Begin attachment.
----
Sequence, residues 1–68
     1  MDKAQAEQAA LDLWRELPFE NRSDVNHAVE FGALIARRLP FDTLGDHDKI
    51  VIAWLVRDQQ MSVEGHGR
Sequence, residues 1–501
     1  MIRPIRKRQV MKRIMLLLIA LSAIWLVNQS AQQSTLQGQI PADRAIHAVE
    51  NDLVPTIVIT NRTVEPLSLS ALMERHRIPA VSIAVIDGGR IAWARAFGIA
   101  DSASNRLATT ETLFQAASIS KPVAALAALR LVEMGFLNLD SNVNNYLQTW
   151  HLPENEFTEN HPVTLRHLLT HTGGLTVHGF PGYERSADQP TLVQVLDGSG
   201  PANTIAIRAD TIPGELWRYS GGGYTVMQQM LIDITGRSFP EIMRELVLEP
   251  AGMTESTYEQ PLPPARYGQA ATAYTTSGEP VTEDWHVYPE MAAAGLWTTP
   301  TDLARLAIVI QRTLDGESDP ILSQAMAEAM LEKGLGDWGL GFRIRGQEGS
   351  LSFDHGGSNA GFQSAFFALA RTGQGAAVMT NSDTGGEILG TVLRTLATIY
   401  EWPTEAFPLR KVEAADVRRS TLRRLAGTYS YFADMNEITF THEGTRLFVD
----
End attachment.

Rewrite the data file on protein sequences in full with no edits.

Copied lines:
Sequence, residues 1–68
     1  MDKAQAEQAA LDLWRELPFE NRSDVNHAVE FGALIARRLP FDTLGDHDKI
    51  VIAWLVRDQQ MSVEGHGR
Sequence, residues 1–501
     1  MIRPIRKRQV MKRIMLLLIA LSAIWLVNQS AQQSTLQGQI PADRAIHAVE
    51  NDLVPTIVIT NRTVEPLSLS ALMERHRIPA VSIAVIDGGR IAWARAFGIA
   101  DSASNRLATT ETLFQAASIS KPVAALAALR LVEMGFLNLD SNVNNYLQTW
   151  HLPENEFTEN HPVTLRHLLT HTGGLTVHGF PGYERSADQP TLVQVLDGSG
   201  PANTIAIRAD TIPGELWRYS GGGYTVMQQM LIDITGRSFP EIMRELVLEP
   251  AGMTESTYEQ PLPPARYGQA ATAYTTSGEP VTEDWHVYPE MAAAGLWTTP
   301  TDLARLAIVI QRTLDGESDP ILSQAMAEAM LEKGLGDWGL GFRIRGQEGS
   351  LSFDHGGSNA GFQSAFFALA RTGQGAAVMT NSDTGGEILG TVLRTLATIY
   401  EWPTEAFPLR KVEAADVRRS TLRRLAGTYS YFADMNEITF THEGTRLFVD